I have so far studiously avoided talking about our economic problems, or criticising those sacred cows the Trade Unions. But those who maintain that my prophecies of doom are extravagant or hysterical should be asked to bear two things at least in mind. The first is the extraordinarily poor performance of the British nation as a whole in the last thirty years in the economic field. At first there was excuse enough to be found for this in the aftermath of the war but thirty years on there can be no excuse, and comparison can fairly be made with Holland, Belgium, France and Germany, not to speak of Japan all of which nations were affected by occupation and defeat. The first four have greatly outdistanced us, and the gap appears to be increasing rather than diminishing. The second fact is that if I am right in thinking that our troubles are self generated and our wounds self inflicted we are not likely to get much comfort either from the revenue or from the balance of payment advantages derived from North Sea oil, even if it lasts into the twenty-first century, which is by no means certain. If and in so far as the Trade Union officials regard it as their business to promote the interests of their members and advance their standard of life they can only be said to have failed most signally in comparison with their opposite numbers in comparable European countries.
The Polities of Envy
If I were asked to assign reasons for this, I would place first the fact that for nearly thirty years the policies of the left wing parties in this country have been based on the politics of envy. People have been taught to believe that the interest of the workforce is necessarily adverse to that of management or the shareholder, that the middle and professional classes deserve to be driven into the ground if the worker is to have his due, and that there is something inherently dishonourable and undemocratic in success and effort, indeed in distinction of any kind. It is intelligible, if manifestly mistaken, for Marxists to believe all this, since it is part of their philosophy to destroy the existing order of things altogether. But for Social Democrats to believe it or have truck with it in any way is treason to everything they stand for and to the cause of liberty itself. In contrast to our own leftists, the peoples of the European continent, under the impact of calamity and defeat, have been taught to believe that the interests of all classes within a national society are ultimately the same, and that more can be got for all by working together than by the politics of envy or the philosophy of egalitarianism. But the policies of envy pursued so steadfastly on the left are not limited to home affairs. It seems impossible to persuade a large section of the Labour Party that economic isolation, which they mistake for national independence and sovereignty, is not possible for a nation which wishes to export, or which needs to borrow money from time to time in order to prevent a run on its currency. Net borrowers are never independent, and exporters who will not receive imports invariably provoke retaliation. The economic chauvinism of the Labour Party has successively delayed our membership of the Common Market and made our membership of it less acceptable. Of all nations in the world we stand to gain the most by the application of new inventions at home and international economic co-operation abroad. Yet our record at home has been to clobber enterprise, and abroad to distrust and delay co-operation.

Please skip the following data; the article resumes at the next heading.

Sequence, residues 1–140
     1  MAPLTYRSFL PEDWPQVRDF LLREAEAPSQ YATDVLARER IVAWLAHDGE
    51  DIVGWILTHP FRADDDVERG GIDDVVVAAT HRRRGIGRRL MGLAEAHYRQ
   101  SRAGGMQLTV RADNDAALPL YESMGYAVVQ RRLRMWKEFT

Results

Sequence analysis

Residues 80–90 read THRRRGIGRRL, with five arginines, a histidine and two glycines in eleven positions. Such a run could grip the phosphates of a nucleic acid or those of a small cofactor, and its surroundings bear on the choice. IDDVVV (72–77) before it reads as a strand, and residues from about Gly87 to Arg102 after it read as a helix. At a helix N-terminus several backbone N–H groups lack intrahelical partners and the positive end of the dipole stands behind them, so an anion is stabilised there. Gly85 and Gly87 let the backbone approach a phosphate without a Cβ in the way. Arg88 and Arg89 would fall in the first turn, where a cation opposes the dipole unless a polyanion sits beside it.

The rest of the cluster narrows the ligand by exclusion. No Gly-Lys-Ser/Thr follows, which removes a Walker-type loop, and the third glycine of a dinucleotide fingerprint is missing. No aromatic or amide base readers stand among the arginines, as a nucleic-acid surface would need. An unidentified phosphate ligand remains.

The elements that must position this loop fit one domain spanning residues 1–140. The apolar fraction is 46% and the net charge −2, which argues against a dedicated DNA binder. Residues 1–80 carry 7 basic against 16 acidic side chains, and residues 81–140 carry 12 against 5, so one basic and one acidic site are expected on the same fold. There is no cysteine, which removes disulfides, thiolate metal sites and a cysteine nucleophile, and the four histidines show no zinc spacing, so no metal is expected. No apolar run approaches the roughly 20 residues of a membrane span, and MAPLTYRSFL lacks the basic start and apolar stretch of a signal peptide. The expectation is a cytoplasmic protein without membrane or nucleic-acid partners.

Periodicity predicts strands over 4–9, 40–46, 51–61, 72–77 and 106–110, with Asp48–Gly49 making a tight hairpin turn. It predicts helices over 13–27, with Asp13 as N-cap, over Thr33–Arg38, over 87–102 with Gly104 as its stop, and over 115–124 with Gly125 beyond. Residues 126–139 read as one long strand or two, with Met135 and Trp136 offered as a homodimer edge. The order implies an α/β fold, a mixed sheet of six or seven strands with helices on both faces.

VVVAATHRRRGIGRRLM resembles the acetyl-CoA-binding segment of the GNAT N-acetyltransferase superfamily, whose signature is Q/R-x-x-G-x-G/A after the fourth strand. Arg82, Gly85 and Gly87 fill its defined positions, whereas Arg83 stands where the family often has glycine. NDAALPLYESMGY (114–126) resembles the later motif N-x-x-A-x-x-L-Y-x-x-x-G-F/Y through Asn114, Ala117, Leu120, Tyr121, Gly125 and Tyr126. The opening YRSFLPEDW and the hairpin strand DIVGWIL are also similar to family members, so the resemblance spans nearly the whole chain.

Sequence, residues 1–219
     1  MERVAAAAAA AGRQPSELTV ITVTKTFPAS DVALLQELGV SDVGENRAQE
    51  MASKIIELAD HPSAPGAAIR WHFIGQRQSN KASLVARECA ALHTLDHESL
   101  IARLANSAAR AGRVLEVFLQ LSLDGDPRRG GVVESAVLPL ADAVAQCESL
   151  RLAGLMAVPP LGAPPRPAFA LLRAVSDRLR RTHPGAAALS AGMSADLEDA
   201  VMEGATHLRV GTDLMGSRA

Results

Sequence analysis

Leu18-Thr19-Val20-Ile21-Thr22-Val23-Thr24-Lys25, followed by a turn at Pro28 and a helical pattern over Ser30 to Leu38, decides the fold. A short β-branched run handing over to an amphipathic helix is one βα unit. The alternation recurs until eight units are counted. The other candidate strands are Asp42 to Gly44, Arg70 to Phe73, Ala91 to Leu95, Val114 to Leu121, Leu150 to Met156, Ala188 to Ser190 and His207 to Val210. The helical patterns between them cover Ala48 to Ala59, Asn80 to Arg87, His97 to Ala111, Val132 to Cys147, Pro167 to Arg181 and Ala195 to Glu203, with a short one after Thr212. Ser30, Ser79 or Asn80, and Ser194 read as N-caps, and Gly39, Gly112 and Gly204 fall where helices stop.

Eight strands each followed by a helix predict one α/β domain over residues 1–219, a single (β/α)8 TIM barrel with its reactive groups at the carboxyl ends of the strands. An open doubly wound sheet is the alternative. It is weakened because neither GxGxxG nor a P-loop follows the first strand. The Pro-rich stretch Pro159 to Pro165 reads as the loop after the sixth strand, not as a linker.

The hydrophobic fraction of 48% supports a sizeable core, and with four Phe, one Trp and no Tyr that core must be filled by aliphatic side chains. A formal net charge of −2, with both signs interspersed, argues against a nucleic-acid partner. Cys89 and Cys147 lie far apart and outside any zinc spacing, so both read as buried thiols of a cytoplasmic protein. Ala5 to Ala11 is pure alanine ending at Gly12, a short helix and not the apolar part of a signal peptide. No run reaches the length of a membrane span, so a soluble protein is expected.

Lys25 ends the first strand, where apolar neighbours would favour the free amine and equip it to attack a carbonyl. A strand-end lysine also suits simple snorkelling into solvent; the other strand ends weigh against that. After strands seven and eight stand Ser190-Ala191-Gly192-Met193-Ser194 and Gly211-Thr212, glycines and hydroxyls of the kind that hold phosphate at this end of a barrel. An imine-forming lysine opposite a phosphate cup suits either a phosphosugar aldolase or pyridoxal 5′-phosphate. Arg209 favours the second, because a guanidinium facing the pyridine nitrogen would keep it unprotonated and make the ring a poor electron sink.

So, if I am asked where we are going, I say sadly that at present we are going downhill. But I add that the remedy is in our own hands. We need to take a leaf out of the book of our more successful competitors. •